Glenelg Highway

Last updated

Glenelg Highway

South Australia
Australia Victoria location map.svg
Red pog.svg
West end
Red pog.svg
East end
General information
Type Highway
Length300 km (186 mi) [1]
Route number(s) AUS Alphanumeric Route B160.svg B160 (1998–present)
route number
Australian state route 112.svg State Route 112 (1986–1998)
Major junctions
West endAUS Alphanumeric Route A1.svg Princes Highway
Glenburnie, South Australia
East endAUS Alphanumeric Route A300.svg Midland Highway
Sebastopol, Ballarat
Region Limestone Coast, [2] Grampians [3]
Major settlements Casterton, Coleraine, Hamilton, Dunkeld, Glenthompson, Lake Bolac, Skipton
Highway system

Glenelg Highway is a rural highway in south-eastern Australia, linking Mount Gambier with Ballarat. [4] [5] [6] [7] Most of the highway is located within the Western part of the state of Victoria; except for a short, 15 km stretch from the South Australia/Victoria state border near Ardno to Glenburnie (6 km east of central Mount Gambier) is located in South Australia. Some maps identify the South Australian stretch as Casterton Road. Major towns along its route include Casterton, Coleraine and Hamilton. [4] [5] [6] [7]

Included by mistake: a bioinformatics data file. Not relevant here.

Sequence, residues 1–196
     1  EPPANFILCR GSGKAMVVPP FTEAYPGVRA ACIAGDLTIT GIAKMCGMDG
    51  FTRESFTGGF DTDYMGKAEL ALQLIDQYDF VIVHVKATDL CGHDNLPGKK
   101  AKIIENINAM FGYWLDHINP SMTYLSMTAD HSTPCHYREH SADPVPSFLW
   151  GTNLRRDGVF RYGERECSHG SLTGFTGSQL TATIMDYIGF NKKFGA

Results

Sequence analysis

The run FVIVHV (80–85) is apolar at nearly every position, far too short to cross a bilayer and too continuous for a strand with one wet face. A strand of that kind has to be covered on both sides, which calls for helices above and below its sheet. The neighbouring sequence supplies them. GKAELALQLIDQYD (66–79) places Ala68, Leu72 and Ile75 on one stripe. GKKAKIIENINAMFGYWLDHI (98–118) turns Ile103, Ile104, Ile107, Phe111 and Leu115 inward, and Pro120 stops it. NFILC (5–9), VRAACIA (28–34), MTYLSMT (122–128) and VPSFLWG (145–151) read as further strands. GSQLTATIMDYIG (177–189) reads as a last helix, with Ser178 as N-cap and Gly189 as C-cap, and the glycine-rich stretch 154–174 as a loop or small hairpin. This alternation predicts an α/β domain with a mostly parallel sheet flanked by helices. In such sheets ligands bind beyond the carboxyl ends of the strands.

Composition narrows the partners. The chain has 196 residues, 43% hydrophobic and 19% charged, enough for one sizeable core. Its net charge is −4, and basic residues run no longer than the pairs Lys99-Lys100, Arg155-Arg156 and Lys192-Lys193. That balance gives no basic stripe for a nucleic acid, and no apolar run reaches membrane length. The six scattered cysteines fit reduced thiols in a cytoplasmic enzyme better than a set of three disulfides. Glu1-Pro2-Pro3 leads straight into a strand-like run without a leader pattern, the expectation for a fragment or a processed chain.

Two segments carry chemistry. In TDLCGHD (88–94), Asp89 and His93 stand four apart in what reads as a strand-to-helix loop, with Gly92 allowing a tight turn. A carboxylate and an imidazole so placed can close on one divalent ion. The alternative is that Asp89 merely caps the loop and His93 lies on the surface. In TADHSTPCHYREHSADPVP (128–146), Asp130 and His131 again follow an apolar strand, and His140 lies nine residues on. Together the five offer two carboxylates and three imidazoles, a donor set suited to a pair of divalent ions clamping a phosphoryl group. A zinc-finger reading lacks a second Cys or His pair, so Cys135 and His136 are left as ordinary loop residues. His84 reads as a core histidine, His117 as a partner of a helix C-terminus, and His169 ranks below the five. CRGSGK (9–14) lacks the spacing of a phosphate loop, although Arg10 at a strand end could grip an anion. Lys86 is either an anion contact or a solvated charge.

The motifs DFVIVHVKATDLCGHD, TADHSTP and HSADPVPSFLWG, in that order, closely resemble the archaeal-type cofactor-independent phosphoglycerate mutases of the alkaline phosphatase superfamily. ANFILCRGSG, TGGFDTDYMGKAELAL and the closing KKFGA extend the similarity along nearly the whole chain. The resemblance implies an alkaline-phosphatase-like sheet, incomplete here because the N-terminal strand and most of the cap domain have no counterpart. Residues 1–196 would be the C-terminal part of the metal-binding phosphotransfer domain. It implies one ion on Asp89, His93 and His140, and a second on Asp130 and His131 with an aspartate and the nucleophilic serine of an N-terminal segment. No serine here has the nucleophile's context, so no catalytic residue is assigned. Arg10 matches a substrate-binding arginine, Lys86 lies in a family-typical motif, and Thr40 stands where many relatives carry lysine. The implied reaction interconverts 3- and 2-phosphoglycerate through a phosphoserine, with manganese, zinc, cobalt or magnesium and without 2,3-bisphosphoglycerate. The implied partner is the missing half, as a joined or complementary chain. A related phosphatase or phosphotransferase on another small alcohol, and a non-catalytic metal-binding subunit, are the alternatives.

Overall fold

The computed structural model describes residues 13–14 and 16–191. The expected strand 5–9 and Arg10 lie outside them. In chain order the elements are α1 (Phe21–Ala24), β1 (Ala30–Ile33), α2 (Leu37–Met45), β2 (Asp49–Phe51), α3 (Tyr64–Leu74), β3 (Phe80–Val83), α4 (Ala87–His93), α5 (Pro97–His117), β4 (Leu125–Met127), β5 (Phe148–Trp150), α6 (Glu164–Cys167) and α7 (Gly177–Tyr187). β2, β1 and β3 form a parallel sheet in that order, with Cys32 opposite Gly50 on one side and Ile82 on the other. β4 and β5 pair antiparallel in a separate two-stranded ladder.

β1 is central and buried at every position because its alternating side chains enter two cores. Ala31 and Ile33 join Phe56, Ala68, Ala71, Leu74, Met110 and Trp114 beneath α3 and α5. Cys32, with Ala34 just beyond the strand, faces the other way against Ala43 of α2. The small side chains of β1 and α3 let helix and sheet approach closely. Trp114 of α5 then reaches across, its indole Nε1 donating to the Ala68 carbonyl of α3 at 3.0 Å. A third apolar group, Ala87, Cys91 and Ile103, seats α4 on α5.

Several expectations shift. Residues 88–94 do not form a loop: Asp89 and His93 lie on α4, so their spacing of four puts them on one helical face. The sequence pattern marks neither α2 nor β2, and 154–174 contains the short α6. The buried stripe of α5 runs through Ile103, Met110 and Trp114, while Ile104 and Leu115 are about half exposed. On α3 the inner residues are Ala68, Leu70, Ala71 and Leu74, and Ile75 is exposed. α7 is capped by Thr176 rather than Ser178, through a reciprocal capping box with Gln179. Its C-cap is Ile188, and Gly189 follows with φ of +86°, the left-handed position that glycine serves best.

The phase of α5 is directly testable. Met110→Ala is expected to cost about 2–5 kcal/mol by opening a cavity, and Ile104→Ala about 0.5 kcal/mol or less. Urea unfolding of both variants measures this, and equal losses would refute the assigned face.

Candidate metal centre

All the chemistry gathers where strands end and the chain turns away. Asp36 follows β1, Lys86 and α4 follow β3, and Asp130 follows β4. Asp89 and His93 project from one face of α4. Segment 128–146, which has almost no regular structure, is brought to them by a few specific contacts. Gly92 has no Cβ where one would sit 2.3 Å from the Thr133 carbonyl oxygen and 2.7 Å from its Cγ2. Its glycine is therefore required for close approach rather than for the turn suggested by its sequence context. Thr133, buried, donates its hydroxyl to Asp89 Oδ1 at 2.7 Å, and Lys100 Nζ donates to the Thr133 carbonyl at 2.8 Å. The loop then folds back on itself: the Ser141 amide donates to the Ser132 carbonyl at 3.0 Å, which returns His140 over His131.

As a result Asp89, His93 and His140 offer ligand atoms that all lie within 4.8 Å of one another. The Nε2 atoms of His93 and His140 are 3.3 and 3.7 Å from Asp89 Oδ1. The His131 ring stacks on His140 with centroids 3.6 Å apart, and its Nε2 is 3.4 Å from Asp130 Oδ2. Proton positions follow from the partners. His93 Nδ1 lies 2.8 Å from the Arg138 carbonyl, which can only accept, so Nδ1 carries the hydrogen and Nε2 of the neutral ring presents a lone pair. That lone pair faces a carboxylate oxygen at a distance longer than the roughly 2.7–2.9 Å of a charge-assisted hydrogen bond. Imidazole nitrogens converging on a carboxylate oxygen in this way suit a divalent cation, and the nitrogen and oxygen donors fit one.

The passing of the Highways and Vehicles Act of 1924 [8] through the Parliament of Victoria provided for the declaration of State Highways, roads two-thirds financed by the State government through the Country Roads Board (later VicRoads). The Glenelg Highway was declared a State Highway in the 1947/48 financial year, [9] from Ballarat via Skipton, and Hamilton to Casterton (for a total of 149 miles); before this declaration, the roads were referred to as Hamilton-Coleraine-Casterton Road and Ballarat-Hamilton Road. [10]